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Diary Last Updated: Jun 16th, 2015 - 16:51:13


Stage 9 - Thursday 21 August 2008 - Day 105
By Dick and Pip Smith
Aug 21, 2008, 12:17

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We departed at 8.30am, after a great morning with lots of chatting with Jan and John.
View of Surfers Paradise from John and Jan Tait's apartment
Pip, Jan and John beside the Earthroamer

 

Rather than head south through the fleshpots of Surfers Paradise, we drove a little further to the north to see the “Silver Star”.  The Silver Star used to be called the “Tutka” and then the “Sir Hubert Wilkins”.  This was the ship which Don and Margie McIntyre bought with our assistance in Finland.  The ship is a small 120 foot ice breaker, which even had President Ford and President Brezhnev onboard for peace talks – that was during the Cold War.  This mini ice breaker was purchased by Don and Margie and then motored from Turku, Finland to Australia.  It then performed a number of trips to Antarctica.  Unfortunately there weren’t enough expeditioners to make it economical, so the ship was sold to an 80 year old Victorian millionaire who spent a lot of money converting it.  He then took it to Canada.  It is now back in Australia for sale.  If you want a nice little ice breaker you could probably get it for $3 or $4 million.
Silver Star once named the Sir Hubert Wilkins

 

After leaving the Silver Star we travelled through the huge high rises of Surfers Paradise.  Unfortunately the day was cloudy, not so great for photographs.
Surfers Paradise Beach
Surfers Paradise high rise buildings

 

It is amazing that here we are in our first major city since leaving Perth and what a city it is.  People who live in Surfers Paradise love it.  In many ways it would be equivalent to America’s Florida i.e. wealthy retiree’s head south in America to the warm sun of Miami, Florida in Australia wealthy retirees from Melbourne and Sydney head north and live in Surfers Paradise.  Of course it is not just the wealthy retirees, lots of young people come here for the nightclub life and the wonderful surf.

 

We crossed into New South Wales.
Crossing into NSW - Pip captured the sign in the distance
Speed warning sign for NSW
Drug testing in NSW
 

 

We soon had Mt Warning to our west, lots of sugar cane fields in the distance and the occasional sugar mill.  There were Police with radar beside the road.  It was 66° Fahrenheit (18° Celsius).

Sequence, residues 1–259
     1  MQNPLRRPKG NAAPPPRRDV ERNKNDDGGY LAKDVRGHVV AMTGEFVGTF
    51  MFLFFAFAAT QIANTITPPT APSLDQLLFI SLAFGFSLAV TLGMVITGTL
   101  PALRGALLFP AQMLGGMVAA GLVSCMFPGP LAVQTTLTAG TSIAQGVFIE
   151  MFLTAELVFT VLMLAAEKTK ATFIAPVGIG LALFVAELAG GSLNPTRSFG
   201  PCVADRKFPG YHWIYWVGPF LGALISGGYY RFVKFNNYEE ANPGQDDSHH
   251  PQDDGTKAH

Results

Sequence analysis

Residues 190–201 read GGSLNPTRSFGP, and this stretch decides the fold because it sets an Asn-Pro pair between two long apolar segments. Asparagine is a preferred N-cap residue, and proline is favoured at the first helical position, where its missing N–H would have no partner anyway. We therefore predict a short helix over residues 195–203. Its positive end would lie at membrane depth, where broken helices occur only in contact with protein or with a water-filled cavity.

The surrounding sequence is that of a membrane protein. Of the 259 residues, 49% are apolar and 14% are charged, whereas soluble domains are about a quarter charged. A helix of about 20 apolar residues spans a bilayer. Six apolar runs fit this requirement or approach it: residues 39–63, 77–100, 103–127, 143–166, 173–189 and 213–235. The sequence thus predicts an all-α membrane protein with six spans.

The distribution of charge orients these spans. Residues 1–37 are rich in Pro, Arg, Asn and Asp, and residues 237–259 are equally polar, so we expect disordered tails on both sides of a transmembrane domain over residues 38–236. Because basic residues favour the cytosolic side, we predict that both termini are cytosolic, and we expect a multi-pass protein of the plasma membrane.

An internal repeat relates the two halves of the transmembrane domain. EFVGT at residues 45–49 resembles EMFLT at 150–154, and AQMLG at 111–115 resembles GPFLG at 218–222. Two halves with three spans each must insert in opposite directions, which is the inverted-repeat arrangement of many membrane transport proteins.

Sugar cane fields with Mt Warning in the distance


We drove up to the lighthouse at Byron Bay, Australia’s eastern most point.    We then dropped down to Watego’s Beach to pour our Indian Ocean water into the Pacific Ocean.  This is a tradition which we think was started by the Leyland Brothers in the 60’s.  We decided we should continue with this wonderful tradition i.e. if you drive across Australia you must bring Indian Ocean water and drop it in the Pacific.
Byron Bay lighthouse - the eastern most point of Australia
A bloke surfing off Watego's Beach
We poured the Indian Ocean water into the Pacific Ocean with the surfer who came over to say hello
An interesting bird sitting in a tree at Watego's Beach
We had made it from the western most point of Australia to the eastern most point


We then headed for the Byron Beach Café and met John Wallington and Christie.  John was the co pilot in Dick’s balloon flight across Australia and also the balloon flight from New Zealand to Australia.  Christie of course is a top balloonist and she assisted in all ways.  Also at lunch was Howard Whelan, the founding editor of Australian Geographic magazine.  We talked adventure.  Howard has just returned from being expedition leader on Greg Mortimer’s Aurora Expeditions ship to the Kuril Islands and the Russian Far East.  It sounded like a great trip.
Christie and John Wallington, Howard Whelan and Dick
We had a delicious lunch at the Byron Bay Beach Cafe
The view from the cafe
We drove inland to Bangalow and looked back towards the coast of Byron Bay
A beautiful old fig tree in Bangalow

We left at 2.00pm and headed across the opening bridge on the Richmond River, past further sugar cane fields on the Pacific Highway.  What a dead loss of a road, at one stage it is 100kph then it is 50kph going through a small village.  It is amazing that in Australia, our main number one highway can be so bad.  Then again we only have a population of 20 million, so it will take a while before we get a decent road between our major capitals.
Broadwater Sugar Refinery
Sugar cane fields at Woodburn
50kph speed camera on the Pacific Highway
An attractive home in Woodburn

We crossed the Clarence River and passed the Harwood Sugar Refinery.  We crossed the Clarence River again, through Grafton where Dick, as the guest for Australia Day, has planted a special tree.  We wonder how it is going.

After a quick stop at a rest area for a cup of tea we drove through to Coffs Harbour to our house at Bongil Beach.
We stopped in this rest area near Grafton to make a cup of tea
Tall gum trees on the Pacific Highway heading towards Coffs Harbour
 

We are now here getting ready for the final push towards Sydney.  Let’s hope we can do it without any accidents or problems.

Total today 383 kms  39,783 kms since Anchorage, Alaska.

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